Recurring iliotibial band syndrome (ITBS) meant Youtuber, blogger and fitness model, Flora Beverley – aka Food Fitness Flora – struggled to run 5k pain free.
She explains how she’s been using NURVV Run to adapt her running technique and keep an eye on injury triggers, to complete two 50km ultramarathons injury free.
When you become a runner, injuries are rarely the first thing you think of that’ll derail your progress. Lack of motivation, lack of time or the wrong kit, perhaps, but you rarely go into running with the expectation of getting injured.
However, with around 50% of regular runners getting injured each year, injuries might just be the limiting factor to your progress, above and beyond all the usual excuses. This was my experience, too.
‘As soon as I made progress I’d get injured’
When I first started running, I was only doing it a couple of times a month, alongside various other sports, so lack of fitness was more my problem than anything else. Yet (and this is something I think a lot of runners will recognise), as soon as I started making progress, really started getting better in leaps and bounds (quite literally), I got injured.
Since I had always been told that running gives you bad knees (thanks mum), when one knee started flaring up after sessions, I thought little of it. It wasn’t until a long run was forced to end thanks to the inability to bend or straighten said knee that I had to admit there was a problem beyond just ‘bad knees’.
I went to see my university physiotherapist, invariably hoping for a quick fix so I could get on with training. So began my struggle with IT Band Syndrome (ITBS), which would plague me over the next six years. My physio was completely useless, at least in my stubborn opinion at the time, telling me to ‘stop running’ if running was what caused the pain. It’s hard to fault his logic, but obviously (as most runners will know), simply giving up the one thing that keeps you sane, grounded and happy is not an option.
So I continued training though the pain, waiting after each flare up until it had settled sufficiently before aggravating the injury yet again. This was hindered even more by my coach of the time telling me ‘ITBS will never cause permanent damage, so running through it won’t be a problem’. Six years might not be permanent, but it’s certainly long enough!
‘Giving up running wasn’t an option’
It wasn’t until I got a proper job that I was able to afford to see another physio who was a triathlete and thus capable of understanding that ‘just give up’ wasn’t an option. It was at this point that I realised there was another way of managing my injury. After some analysis on the treadmill of my running style, it transpired that I just really didn’t know how to run.
As an aside, I find it interesting and potentially problematic that when you learn any sport at school, you’re taught how to do it correctly and efficiently. Lessons of how to hold a tennis racket, hit a cricket ball or kick a ball are commonplace, yet the laps around the playing field? You’re on your own.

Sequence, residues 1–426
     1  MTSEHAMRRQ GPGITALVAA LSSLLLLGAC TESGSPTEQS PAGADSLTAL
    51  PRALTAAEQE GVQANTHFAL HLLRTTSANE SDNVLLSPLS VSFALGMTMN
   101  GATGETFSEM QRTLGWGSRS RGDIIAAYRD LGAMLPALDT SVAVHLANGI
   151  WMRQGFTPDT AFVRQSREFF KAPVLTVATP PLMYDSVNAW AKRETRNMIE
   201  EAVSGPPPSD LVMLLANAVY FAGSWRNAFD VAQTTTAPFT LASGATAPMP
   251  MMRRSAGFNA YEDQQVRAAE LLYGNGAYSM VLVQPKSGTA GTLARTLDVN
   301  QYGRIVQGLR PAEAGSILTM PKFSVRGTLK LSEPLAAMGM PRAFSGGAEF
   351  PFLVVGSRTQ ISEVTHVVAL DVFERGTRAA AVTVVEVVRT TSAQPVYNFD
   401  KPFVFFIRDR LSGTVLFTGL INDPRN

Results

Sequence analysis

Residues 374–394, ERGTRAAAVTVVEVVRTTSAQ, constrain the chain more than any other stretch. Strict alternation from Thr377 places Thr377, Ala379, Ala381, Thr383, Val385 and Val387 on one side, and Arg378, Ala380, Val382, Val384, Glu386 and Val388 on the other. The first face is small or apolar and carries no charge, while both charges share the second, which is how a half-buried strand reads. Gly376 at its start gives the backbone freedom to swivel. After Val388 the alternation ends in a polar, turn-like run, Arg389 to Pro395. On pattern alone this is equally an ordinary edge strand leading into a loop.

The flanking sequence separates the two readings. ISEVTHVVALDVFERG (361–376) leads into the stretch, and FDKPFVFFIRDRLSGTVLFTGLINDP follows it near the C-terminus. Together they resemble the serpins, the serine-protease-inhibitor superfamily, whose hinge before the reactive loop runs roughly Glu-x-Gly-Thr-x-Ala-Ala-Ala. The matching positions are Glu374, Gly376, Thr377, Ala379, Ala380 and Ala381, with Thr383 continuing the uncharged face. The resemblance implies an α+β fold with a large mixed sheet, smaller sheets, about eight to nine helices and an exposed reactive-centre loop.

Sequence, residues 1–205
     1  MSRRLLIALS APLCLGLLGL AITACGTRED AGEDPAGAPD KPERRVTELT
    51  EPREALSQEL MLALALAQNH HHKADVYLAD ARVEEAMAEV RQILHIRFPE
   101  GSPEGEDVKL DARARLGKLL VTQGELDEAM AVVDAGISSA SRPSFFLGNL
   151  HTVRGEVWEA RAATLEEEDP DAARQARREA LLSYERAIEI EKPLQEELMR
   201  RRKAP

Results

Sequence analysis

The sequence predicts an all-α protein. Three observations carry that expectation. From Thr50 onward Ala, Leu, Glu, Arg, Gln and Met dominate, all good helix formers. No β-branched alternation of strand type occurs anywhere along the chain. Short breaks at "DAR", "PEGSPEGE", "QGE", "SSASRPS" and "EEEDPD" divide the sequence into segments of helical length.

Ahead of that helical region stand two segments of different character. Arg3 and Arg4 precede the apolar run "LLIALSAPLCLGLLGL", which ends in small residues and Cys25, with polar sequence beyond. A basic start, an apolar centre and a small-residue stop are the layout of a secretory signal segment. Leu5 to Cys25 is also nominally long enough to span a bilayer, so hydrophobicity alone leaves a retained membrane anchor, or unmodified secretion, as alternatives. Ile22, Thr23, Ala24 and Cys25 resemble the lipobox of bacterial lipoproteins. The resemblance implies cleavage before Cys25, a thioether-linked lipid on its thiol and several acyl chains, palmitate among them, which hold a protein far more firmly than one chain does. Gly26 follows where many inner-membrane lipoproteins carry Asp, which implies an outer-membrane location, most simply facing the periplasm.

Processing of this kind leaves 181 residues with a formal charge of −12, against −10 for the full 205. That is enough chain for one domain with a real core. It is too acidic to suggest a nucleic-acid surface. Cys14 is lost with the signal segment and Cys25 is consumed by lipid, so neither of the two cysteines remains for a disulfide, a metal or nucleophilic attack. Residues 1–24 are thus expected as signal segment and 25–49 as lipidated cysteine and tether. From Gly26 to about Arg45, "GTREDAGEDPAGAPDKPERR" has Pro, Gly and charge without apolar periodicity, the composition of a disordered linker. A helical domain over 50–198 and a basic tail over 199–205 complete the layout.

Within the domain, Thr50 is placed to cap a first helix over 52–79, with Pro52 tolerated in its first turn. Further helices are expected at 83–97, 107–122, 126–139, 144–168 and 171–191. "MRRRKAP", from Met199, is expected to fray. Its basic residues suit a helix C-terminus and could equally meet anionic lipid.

For many, running seems to come naturally, but for most (myself included), it takes a bit of practise. Many parents put a lot of time and money into their children’s education, but when it comes to learning how to run, people just assume that it’ll be easy. Hence so many runners being injured each year.
‘Giving up running wasn’t an option’
My recovery from long-term ITBS involved aggressive rehab – lots of strengthening my posterior chain, which, despite my ability to squat really heavy, was super weak – and retraining myself how to run properly.
I needed to increase my cadence (the number of times your feet hit the ground each minute as you run). I also needed to adapt my footstrike (the part of the foot which hits the ground first) so I was heelstriking less – not something you want to do quickly. And finally, I needed to run with my feet more under my hips, rather than the ‘catwalk’ style running I’d been doing previously.
The first half of this was done with the assistance of my physio, but after a while I was on my own. Treadmill recordings and specialist advice are great when you’re injured, but quickly become unaffordable and not always transferrable to real-world runs.
‘Finding my cadence dropped when I tired helped to explain flare ups’
I first discovered NURVV RUN when they were Beta testing during lockdown, and as a self-diagnosed gadget geek, was smitten immediately. The promise of feedback for every one of my runs on all the things I needed to improve (primarily cadence and pronation) was impossible to turn down, so when they offered to let me try out the product, I jumped at the chance.
Data nerdiness aside, the information provided by the insoles and trackers was genuinely useful for me. Finding that my cadence dropped when I got tired helped to explain why niggles flared up on runs where I was exhausted (no matter the length), and knowing I was wearing the trackers helped to ensure I was keeping up proper form, even on my recovery runs.
‘I’ve been able to keep an eye on my injury triggers’
Over the past 18 months (about half of which I’ve been using NURVV), my ITBS has not returned as anything more than a minor niggle (of which I’m hyper-aware, but no longer worried). Previously I couldn’t run 5km without feeling pain, but recently ran two 50km ultramarathons within a month of each other with not even a twinge (at least not in my IT bands!)
In the last year. It’s also been great to visually see my heel-strike change to a comfortable mid-foot strike – something of which I was aware, but had no quantifiable way of measuring.
With NURVV insoles I’ve been able to keep an eye on my injury triggers, and feel confident that I’ll be able to attribute future niggles to specific things with the amount of data they provide. This will hopefully mean fewer physio visits, but also the ability to finally progress injury free! And isn’t that every runner’s dream?